Winter is supposed to blow clouds away and they are supposed to be replaced by blue skies but this winter the heavy rain clouds are holding on giving color and texture to the skies.
With darkness falling around six o'clock in the evening thunderheads just make everything that much darker that much sooner.

A few clouds do make things more interesting overhead!

Wednesday, November 27, 2019

Duval Before People

A rooster wandering by himself on Fitzgerald Street is  a tropical vibe if ever there was one and the fact he started heading towards my dog full of menace was enough to ensure we doubled back and took the other entrance to Kino Plaza. Rusty lives in fear of wild chickens. 
I have been noticing this art in public places more frequently lately perhaps because I walk with my head down? There are several poems at strategic spots and this one is near Captain Tony's on Greene Street. 

Kirby Congdonb. 1924, is the author of numerous collections of poetry, short stories, essays, letters, plays, sculptured constructions and music composition. A graduate of Columbia University, he has been active in the independent literary scene for over six decades. He has been the poetry editor for the Key West literary magazine, Cayo, the publisher of the litmag Magazine and was a regular contributor to The Small Press Review and The Key West Citizen. Congdon’s work is collected by the Kenneth Spencer Research Library at the University of Kansas. He was one of the featured poets at the 2009 Key West Literary Seminar which included seven Pulitzer Prize winners and seven poet laureates – Billy Collins, Maxine Kumin, Robert Pinsky, Rita Dove and Paul Muldoon, among them. In 2011, he contributed a visual poem to All Insignificant Things Must Disappear, a group exhibition of work by internationally renowned artists at Trinity Museum in New York. In 2014, at the age of ninety, Congdon had a first showing of ethereal landscapes which he feels are his best work, created sixty-four years ago.  Also in 2014, he was the featured poet at the Frank O’Hara Poetry Festival in New York where he opened the event with his poem “Discus Thrower.”  Congdon is the first Poet Laureate of Key West, Florida.  He continues to write and compose music.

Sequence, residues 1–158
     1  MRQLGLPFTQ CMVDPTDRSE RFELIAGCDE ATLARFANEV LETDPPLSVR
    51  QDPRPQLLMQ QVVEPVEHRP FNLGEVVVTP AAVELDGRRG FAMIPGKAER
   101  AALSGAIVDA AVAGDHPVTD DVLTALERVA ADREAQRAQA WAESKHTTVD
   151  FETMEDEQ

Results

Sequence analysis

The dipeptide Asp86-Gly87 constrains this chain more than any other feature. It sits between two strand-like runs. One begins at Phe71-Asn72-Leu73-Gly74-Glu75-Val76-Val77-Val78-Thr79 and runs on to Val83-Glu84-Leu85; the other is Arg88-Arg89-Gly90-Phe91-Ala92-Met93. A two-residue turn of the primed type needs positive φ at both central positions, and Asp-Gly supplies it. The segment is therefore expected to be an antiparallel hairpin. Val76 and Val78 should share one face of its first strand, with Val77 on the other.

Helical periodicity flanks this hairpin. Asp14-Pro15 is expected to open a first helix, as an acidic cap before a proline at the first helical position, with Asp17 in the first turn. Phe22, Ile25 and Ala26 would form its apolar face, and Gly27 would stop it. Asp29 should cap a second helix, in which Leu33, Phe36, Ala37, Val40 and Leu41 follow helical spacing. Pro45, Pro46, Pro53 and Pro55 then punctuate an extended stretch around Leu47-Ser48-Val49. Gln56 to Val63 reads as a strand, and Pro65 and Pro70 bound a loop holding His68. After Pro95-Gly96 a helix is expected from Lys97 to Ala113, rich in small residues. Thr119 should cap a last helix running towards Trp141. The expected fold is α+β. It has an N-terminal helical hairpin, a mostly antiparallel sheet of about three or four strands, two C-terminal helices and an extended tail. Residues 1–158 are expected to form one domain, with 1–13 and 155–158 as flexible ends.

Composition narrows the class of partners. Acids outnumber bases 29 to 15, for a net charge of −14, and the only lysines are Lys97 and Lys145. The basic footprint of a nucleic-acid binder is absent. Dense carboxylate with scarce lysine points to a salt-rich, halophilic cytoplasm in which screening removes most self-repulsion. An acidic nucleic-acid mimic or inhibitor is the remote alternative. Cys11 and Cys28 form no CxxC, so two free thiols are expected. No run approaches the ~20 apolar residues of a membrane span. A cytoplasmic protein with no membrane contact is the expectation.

I rather like walking downtown before the people get there and this time of year it's quite cool too which is a bonus after a very long hot summer. I like the heat usually but if it was long and hot for me then you know it was pretty unbearable.
I don't know what got into me photographing bars downtown but there they are for a change.
Those are the oldies and now there is another hopeful trying out a location that lately hasn't managed to hold any one business for long: 
I walk around and see all sorts of new businesses all the time. This one below got an irritated note from someone who said the name high up violates some code or something. I cannot imagine the patience it requires to navigate all the requirements.
A new day, a fresh start may wash away all your woes. Or not. It looks pretty though.